All named as authors are assumed to have accepted the submitted manuscript version and take full responsibility on its contents. Read detailed instructions in Journal policies.
8.6 Acknowledgements (recommended)
All those contributors who do not meet all four criteria for authorship (see our journal policies) should not be identified as authors but named in acknowledgements. According to the Silva Fennica’s authorship criteria, acquisition of funding alone, collection of data alone, or general supervision of the research group alone does not constitute authorship yet these contributors should be acknowledged here.
8.7 Funding (obligatory)
List here all funding sources of your research, whether governmental, commercial, non-commercial or your organisation’s own funds. Give exact grant numbers when applicable.
9 Supplementary files
9.1 Types of supplementary data
Silva Fennica accepts electronic multimedia files (animations, movies, etc.) and other supplementary files to be published along with your article. Examples of the type of supplementary files include but do not exclude other types:
- model flow chart
- short programme code, or part of a published programme code that is significantly modified
- complete list of model equations
- long parameter or variable list
- complete species list in a study of plant community ecology
- detailed weather data of the study site
- video on embryogenesis
- video on a forest work study
- animation or video on landscape change over time by succession
9.2 Recommended formats
- Audio, video, and animations: mp4 format preferred.
- Text: MS Word or RTF format is preferred, but pdf format is also accepted.
- Spreadsheets and other tabular material: spreadsheets must be converted to pdf if no interaction with the data is needed. If the readers are expected to do their own calculations with the data, submit the spreadsheet as a MS Excel file (.xls or .xlsx).
- Programme code: text file without formatting
- Figures: single figures may be submitted as jpg or pdf files. Several connected figures must be submitted in a pdf file.
Otherwise, follow the instructions given in chapter 7 above for preparing your supplementary files.
9.3 Naming of and references to the supplementary files
Name the supplementary files with four first words of your manuscript title followed by file number. Number supplementary files consecutively as you refer to them in the manuscript. Never use author name or Silva Fennica in the file name.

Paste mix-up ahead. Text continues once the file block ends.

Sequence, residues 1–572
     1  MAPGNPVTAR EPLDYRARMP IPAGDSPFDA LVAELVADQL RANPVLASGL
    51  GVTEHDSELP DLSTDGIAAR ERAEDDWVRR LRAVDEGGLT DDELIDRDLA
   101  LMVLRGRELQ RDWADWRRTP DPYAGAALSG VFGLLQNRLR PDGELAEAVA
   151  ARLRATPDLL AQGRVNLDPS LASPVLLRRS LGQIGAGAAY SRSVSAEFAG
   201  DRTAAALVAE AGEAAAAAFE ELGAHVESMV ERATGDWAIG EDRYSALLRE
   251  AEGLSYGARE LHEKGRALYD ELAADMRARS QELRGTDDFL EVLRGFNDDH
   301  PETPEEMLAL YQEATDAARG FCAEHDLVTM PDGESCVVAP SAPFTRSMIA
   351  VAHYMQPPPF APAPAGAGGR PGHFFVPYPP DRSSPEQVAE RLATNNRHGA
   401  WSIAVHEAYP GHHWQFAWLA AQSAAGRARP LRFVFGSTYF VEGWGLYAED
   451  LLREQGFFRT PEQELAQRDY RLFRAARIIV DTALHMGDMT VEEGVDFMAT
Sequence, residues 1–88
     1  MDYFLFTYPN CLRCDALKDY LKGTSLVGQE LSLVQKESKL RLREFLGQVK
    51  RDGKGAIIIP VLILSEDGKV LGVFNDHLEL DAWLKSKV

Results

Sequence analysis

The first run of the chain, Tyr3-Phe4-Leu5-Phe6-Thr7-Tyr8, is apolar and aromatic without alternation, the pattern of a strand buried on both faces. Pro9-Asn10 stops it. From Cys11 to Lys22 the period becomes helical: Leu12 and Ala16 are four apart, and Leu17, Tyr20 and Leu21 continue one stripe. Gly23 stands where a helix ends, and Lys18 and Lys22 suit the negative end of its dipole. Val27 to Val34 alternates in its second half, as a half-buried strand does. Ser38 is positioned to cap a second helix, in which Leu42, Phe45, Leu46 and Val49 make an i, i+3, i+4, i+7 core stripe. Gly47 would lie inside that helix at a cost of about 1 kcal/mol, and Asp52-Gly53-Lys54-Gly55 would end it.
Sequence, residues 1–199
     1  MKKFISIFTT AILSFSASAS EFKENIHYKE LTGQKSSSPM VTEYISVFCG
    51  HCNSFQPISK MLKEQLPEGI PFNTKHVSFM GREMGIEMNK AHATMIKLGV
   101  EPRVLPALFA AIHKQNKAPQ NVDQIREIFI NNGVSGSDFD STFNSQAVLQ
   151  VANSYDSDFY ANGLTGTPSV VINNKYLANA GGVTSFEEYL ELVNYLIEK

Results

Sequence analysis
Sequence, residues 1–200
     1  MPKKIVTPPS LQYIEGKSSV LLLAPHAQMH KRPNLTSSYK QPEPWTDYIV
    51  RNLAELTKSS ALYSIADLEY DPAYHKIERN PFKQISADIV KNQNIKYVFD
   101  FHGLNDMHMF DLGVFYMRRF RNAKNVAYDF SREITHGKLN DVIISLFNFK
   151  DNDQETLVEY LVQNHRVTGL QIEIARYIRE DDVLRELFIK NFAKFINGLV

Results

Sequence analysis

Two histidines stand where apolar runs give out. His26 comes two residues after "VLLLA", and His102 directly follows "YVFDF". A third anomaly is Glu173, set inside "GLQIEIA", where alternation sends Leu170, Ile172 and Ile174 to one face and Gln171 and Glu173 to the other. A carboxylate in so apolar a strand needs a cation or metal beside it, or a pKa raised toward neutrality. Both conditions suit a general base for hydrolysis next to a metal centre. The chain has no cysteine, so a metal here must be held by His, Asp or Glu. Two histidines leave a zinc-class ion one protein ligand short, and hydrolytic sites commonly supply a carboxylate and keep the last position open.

Each supplementary file must include a full bibliographic reference of the main article at the top of the first page of the file because supplementary files may become separated from the original context. The information must include name(s) of author(s), title of the main article, Silva Fennica, submission year, and a blank line so that the Copy Editor may add the DOI after it is assigned to the article. With this information, the original article may be located. If your supplementary file is a figure or video, add this information to the file metadata.
You must refer to all supplementary files in the manuscript text. The reference format is “...as shown in Supplementary file S3” or “...as shown in the animation of the landscape change (Supplementary file S3)”. Also list all supplementary files between the text body and reference list as described in 8.1 above.
9.4 Submitting supplementary files
You must submit each supplementary file separately from the manuscript (follow instructions in the OJS page of Silva Fennica). Select the article component type that best describes your supplementary file. However, the type of a supplementary file may not be “Article Text”. All supplementary files must be included in the first submission and they are peer-revived. If important supplementary files will be added to the revised manuscript, the review process may be started over. However, you must revise the supplementary files according to the advice given by the reviewers and editors.
10 Procedures for revised and accepted manuscripts
10.1 Submission of revised manuscript